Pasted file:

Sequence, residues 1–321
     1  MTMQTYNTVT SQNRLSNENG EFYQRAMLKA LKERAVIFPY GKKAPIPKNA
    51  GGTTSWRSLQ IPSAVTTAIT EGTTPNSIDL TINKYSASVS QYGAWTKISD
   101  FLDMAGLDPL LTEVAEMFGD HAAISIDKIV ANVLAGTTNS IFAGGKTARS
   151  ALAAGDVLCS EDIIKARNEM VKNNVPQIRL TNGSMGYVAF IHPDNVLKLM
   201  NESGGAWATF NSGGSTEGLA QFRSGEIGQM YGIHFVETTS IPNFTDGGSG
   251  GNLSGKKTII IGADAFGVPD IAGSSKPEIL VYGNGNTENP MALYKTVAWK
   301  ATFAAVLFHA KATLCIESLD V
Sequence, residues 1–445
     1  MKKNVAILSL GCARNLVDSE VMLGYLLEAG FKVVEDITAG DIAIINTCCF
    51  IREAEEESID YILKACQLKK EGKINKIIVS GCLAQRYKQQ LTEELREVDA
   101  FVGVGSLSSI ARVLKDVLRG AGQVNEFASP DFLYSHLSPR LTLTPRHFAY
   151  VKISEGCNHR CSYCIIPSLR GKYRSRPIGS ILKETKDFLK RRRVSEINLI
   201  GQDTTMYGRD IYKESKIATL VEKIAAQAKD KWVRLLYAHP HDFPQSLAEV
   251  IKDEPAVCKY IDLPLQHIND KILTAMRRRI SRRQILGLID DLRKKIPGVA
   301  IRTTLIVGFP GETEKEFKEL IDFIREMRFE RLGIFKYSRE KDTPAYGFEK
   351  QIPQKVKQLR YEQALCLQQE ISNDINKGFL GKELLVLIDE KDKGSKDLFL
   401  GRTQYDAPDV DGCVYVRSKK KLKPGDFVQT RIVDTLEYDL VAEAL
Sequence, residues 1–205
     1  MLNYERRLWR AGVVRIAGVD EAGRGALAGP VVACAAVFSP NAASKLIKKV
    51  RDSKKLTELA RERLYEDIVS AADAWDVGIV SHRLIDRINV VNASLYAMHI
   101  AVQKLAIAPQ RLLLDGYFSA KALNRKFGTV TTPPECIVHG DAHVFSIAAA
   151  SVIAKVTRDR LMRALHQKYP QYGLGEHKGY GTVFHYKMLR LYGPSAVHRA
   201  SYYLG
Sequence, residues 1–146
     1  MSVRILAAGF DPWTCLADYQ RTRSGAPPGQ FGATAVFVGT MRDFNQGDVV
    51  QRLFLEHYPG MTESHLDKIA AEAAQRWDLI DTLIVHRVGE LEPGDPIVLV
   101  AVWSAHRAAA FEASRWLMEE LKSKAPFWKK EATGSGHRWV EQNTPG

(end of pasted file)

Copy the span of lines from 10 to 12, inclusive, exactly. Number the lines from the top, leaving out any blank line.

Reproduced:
     1  MKKNVAILSL GCARNLVDSE VMLGYLLEAG FKVVEDITAG DIAIINTCCF
    51  IREAEEESID YILKACQLKK EGKINKIIVS GCLAQRYKQQ LTEELREVDA
   101  FVGVGSLSSI ARVLKDVLRG AGQVNEFASP DFLYSHLSPR LTLTPRHFAY